Georgia Senate panel passes another online sports betting bill

This version backed by lieutenant governor, Atlanta Metro Chamber and sports teams

A Georgia Senate panel on Tuesday passed a bill that would legalize online sports betting, trying again to get expansion of the state’s gambling options across the finish line.

Senate Bill 386, which has bipartisan support, would authorize online sports betting under the Georgia Lottery, with taxes or fees raised from sports betting to go to educational programs, such as the HOPE scholarship and prekindergarten classes.

The Senate Economic Development and Tourism Committee approved the legislation 8-2.

State Sen. Clint Dixon, a Buford Republican who is sponsoring the bill, said under the proposed legislation, the state could issue up to 16 licenses for online sports betting.

Seven licenses would be available to private online sports betting businesses. Companies interested in operating sports betting in Georgia would have to pay a $100,000 application fee and an annual license fee of $1 million. License holders would pay a 20% income tax to the state on the company’s adjusted gross income. The legislation would also encourage companies with minority owners to apply for licenses.

The remaining licenses could be awarded to professional sports teams in Georgia, the Atlanta Motor Speedway, the Masters and the PGA Tour. The Georgia Lottery could also hold a license.

“By bringing an activity that countless Georgians already participate in — whether online, with friends or with booking agents — under the regulation and direction of the Georgia Lottery Corp., we can generate additional dollars to benefit future generations of Georgians,” Dixon said.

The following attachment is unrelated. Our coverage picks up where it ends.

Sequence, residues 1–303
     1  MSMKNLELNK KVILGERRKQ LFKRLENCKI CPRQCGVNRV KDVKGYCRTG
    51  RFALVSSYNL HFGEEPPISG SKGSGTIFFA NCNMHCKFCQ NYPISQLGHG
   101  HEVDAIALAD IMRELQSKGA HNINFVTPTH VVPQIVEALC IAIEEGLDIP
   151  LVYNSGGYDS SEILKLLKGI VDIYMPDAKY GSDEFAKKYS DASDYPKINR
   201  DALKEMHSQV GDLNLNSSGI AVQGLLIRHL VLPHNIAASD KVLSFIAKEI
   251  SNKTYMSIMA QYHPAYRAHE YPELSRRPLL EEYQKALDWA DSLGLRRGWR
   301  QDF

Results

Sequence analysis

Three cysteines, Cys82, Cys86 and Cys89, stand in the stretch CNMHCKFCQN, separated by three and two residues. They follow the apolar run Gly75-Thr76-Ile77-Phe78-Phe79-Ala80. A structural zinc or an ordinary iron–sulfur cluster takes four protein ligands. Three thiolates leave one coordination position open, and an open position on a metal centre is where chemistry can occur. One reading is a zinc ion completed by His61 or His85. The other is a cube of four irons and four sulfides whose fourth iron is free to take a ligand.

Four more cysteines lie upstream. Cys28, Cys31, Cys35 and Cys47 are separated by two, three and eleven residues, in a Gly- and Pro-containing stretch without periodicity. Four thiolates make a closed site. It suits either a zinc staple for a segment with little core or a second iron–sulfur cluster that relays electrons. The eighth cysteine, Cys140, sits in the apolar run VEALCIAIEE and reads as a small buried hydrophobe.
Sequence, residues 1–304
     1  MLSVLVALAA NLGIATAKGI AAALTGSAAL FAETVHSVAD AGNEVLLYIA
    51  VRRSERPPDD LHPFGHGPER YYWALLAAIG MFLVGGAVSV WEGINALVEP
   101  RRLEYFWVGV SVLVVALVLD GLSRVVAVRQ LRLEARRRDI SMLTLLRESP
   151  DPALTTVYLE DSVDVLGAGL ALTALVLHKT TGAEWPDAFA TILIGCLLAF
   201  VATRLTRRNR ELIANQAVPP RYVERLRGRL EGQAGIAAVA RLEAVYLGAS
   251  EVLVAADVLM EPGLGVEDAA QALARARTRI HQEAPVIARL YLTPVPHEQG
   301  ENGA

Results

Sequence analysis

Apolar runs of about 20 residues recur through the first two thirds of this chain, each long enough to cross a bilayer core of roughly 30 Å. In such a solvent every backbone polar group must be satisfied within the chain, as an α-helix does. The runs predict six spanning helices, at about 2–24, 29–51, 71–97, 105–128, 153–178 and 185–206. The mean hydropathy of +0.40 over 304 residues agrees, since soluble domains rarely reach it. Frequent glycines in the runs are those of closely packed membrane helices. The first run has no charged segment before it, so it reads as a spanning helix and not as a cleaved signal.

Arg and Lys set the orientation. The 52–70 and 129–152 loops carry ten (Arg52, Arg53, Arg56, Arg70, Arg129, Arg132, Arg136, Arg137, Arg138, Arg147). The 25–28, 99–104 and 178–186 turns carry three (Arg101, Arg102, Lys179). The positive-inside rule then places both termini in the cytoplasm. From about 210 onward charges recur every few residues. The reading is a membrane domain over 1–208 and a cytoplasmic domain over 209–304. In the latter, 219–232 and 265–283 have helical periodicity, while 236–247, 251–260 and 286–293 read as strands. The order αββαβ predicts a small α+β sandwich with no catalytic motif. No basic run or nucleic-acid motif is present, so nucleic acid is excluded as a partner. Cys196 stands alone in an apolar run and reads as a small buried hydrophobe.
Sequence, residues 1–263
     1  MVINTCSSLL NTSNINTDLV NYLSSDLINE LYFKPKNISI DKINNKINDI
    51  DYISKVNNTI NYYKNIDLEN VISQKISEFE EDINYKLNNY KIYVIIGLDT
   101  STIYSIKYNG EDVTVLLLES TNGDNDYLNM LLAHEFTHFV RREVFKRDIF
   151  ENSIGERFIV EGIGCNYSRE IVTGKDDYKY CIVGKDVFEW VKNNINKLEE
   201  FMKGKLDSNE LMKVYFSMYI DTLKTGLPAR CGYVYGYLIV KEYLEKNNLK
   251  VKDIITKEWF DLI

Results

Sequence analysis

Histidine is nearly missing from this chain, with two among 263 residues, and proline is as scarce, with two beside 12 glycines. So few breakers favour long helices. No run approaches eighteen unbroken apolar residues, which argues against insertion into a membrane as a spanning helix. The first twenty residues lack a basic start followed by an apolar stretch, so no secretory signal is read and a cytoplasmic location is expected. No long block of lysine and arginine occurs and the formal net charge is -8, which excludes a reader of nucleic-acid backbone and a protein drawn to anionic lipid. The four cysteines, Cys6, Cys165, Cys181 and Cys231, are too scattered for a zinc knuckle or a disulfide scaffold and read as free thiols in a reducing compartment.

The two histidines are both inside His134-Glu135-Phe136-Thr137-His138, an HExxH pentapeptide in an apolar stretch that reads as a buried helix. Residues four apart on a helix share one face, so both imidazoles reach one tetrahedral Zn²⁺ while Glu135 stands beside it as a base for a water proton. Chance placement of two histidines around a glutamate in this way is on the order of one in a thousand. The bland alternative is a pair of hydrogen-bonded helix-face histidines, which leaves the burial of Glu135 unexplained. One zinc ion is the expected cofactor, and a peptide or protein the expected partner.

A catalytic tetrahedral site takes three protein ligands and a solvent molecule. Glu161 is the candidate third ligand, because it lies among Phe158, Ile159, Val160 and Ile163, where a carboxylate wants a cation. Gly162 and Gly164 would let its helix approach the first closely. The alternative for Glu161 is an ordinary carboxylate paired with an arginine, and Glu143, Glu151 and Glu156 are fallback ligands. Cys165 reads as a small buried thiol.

Dixon’s bill has the support of the Atlanta Metro Chamber and several sports teams.

Several variations of sports betting bills have been floated within the Capitol in recent years, and a few have been approved by the Senate. The bills have gone nowhere in the House.

There are two schools of thought on sports betting: whether Georgia’s Constitution allows sports betting as a legalized version of gambling or if the state constitution needs to be amended to allow the practice.

Expanding gambling in Georgia has historically been difficult to do because it has typically been thought to require amending the state constitution — allowed only once two-thirds of each legislative chamber agrees to place it on a ballot and a majority of voters approve the change. An effort to legalize sports betting through a constitutional amendment failed on the Senate floor last year.

Dixon’s bill pushes the idea that sports betting can be considered a lottery game and therefore became legal when Georgians voted to allow gambling in 1992.

Gov. Brian Kemp has said he would work with legislative leaders on a measure to allow sports betting — something he previously opposed. State Sen. Bo Hatchett, a Cornelia Republican who often files legislation on behalf of the governor, is a co-sponsor of SB 386. When Lt. Gov. Burt Jones was a state senator, he sponsored legislation to make sports betting legal.

Backers say Georgians illegally bet nearly $5 billion a year on sports. Georgians can pull up a sports betting website or app on their cellphone and place bets on games — most likely using overseas servers and skirting Georgia’s laws that make the practice illegal. Supporters have also said sports betting could bring anywhere from $30 million to $100 million in revenue to the state each year.

Critics have said such numbers are exaggerated.

Mike Griffin, a lobbyist with the Georgia Baptist Mission Board, said in addition to the moral issues his organization has with gambling, legalizing betting would be allowing the companies to defraud Georgians.

“Gambling is basically legalized fraud,” he said. “Because gambling is gambling — that means you can’t win and the industry cannot lose. The players have to lose in order for (companies) to win.”

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